Corporate News

By Victor V. Saulon, Sub-Editor

Ayala completes deal for Chevron’s geothermal assets in Indonesia

Posted on April 04, 2017

AC ENERGY Holdings, Inc. and its joint venture partners have completed the acquisition of Chevron Corp.’s geothermal assets and operations in Indonesia, its parent firm Ayala Corp. told the stock exchange on Monday

“The Indonesia assets and operations include the Darajat and Salak geothermal fields in West Java, Indonesia, with a combined capacity of 637 MW [megawatts] of steam and power,” it said.

The consortium Star Energy Geothermal (Salak-Darajat) B.V., in which AC Energy has a 19.8% economic stake, won the bid for the assets in December last year in an auction that was also participated in by the energy units of the Lopez and Aboitiz families.

AC Energy’s partners in the consortium are Star Energy Group Holdings Pte. Ltd., Star Energy Geothermal Pte. Ltd. and Electricity Generating Public Co. Ltd.

“The company is committed to build a portfolio of power generation assets using renewable and conventional technologies,” Ayala Corp. said.

The purchase of Chevron’s Indonesian assets boosts AC Energy’s renewable energy portfolio, which has recently been expanded by an investment in a wind farm in Indonesia.

AC Energy President John Eric T. Francia earlier told reporters that the company’s proposed acquisition of Chevron’s geothermal assets in the Philippines would take time.

“We don’t know yet. There is ongoing discussions with the current partner of Chevron. It’s really a matter between Chevron and SM because they are still the partners on record,” he said, referring to the Sy group.

Chevron has a 40% interest in Philippine Geothermal Production Co., Inc., which develops and produces steam energy for the third-party-owned and -operated Tiwi and Mak-Ban geothermal power plants in southern Luzon. The plants have a combined generating capacity of 692 MW.

“We made an offer... We just have to wait whether the sale will push through or not depending on number one, the current discussions between the two partners, and number two, if there is a green light for us to get in then we still need PCC [Philippine Competition Commission] approval,” he said.

Based on latest statistics supplied by AC Energy, its 19.8% stake in the 637-MW geothermal steam and power capacity in Darajat and Salak geothermal fields, along with its 75% stake in the 75 MW wind farm project in Sidrap, South Sulawesi, more than doubled the company’s clean energy capacity to at least 264 MW.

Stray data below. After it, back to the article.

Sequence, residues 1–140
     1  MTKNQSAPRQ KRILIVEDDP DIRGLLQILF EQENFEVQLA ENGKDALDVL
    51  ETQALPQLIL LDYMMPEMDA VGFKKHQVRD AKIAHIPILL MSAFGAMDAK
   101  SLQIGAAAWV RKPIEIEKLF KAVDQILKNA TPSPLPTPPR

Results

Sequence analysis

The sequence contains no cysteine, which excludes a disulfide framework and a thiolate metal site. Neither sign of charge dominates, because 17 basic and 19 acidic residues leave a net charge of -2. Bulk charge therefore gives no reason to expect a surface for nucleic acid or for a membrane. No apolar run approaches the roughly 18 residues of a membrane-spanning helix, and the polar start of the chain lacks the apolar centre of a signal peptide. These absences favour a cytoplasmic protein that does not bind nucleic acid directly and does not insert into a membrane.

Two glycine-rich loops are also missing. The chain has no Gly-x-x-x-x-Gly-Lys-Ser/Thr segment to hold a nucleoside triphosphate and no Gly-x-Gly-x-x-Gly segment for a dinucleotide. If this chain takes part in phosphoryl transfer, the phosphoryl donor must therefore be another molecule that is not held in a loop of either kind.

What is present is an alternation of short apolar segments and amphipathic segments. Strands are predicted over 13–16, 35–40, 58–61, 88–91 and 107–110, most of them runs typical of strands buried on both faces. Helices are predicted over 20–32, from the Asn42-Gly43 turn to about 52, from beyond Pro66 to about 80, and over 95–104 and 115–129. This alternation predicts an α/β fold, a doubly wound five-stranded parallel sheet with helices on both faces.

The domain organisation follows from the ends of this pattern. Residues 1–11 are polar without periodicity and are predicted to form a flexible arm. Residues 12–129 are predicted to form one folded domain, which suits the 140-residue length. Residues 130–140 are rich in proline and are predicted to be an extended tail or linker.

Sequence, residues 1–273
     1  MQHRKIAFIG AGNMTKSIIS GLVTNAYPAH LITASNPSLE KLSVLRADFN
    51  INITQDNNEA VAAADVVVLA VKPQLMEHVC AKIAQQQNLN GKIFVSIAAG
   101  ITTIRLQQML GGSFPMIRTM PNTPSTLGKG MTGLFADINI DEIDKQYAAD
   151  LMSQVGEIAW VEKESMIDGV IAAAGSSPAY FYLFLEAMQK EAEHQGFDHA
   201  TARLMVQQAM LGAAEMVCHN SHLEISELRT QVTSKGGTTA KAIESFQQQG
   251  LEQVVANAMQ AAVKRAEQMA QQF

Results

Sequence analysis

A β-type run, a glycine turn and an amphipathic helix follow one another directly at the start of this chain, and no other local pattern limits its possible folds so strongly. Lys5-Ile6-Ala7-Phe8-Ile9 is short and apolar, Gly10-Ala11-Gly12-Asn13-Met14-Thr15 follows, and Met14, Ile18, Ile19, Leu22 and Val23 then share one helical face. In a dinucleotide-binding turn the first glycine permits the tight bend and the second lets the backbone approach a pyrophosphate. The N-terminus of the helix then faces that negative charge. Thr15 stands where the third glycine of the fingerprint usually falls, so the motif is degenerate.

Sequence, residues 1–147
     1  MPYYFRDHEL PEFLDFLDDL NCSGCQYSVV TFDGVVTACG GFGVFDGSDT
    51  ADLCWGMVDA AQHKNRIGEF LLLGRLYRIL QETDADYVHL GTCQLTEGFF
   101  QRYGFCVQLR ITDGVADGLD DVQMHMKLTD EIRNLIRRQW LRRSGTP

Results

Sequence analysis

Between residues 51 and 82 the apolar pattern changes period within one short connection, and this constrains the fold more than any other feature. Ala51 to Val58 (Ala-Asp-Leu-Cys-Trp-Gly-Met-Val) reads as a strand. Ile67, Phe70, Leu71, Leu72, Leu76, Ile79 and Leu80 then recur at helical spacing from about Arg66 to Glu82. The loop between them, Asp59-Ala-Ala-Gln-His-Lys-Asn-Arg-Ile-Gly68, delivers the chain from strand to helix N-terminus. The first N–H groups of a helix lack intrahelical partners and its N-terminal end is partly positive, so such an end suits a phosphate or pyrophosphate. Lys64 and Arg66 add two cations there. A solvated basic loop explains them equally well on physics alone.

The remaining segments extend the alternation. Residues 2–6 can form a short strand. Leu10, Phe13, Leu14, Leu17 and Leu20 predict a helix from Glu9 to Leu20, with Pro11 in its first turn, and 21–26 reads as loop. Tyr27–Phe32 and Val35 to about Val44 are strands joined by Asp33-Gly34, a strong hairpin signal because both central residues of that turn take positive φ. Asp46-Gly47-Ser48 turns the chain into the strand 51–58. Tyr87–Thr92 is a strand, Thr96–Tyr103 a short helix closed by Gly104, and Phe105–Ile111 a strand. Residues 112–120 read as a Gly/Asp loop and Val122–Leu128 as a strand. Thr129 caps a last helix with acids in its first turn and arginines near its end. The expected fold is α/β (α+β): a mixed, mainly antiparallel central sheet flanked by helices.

In the Philippines, the company has a 36% economic stake in the 81-MW North Luzon Renewable Energy Corp., 68% in the 52-MW NorthWind Power Development Corp. and 100% in the 18-MW Monte Solar Energy, Inc.

By 2020, AC Energy aims to reach 2,000 MW of attributable capacity -- or the equivalent in megawatts of its economic stake in various projects -- of which 1,000 MW is targeted to be renewables. It reached 1,000 MW in 2016, with renewable energy accounting for less than 10%.

In traditional energy, the company has a 20% stake in the 632-MW GNPower Mariveles Coal Plant Ltd. Co.; 50% in the 668-MW GNPower Dinginin Ltd. Co.; 35% in the 244-MW South Luzon Thermal Energy Corp.; and 85% in the 552-MW GNPower Kauswagan Ltd. Co.

Last month, AC Energy announced the acquisition of 100% ownership of Bronzeoak Clean Energy and San Carlos Clean Energy, which it described as entities with renewable energy development, management and operations platform.

That platform supports San Carlos Solar Energy, Inc., Negros Island Solar Energy, Inc., Monte Solar Energy, Inc., San Carlos BioPower, Inc., South Negros BioPower, Inc. and North Negros BioPower, Inc.

Mr. Francia said the company’s stake in the solar projects, which has a gross capacity of 143 MW, is a “small minority.”

“It’s a complex structure,” he said. “It’s hard to put a number that’s why we just say it [attributable capacity] is just minimal.”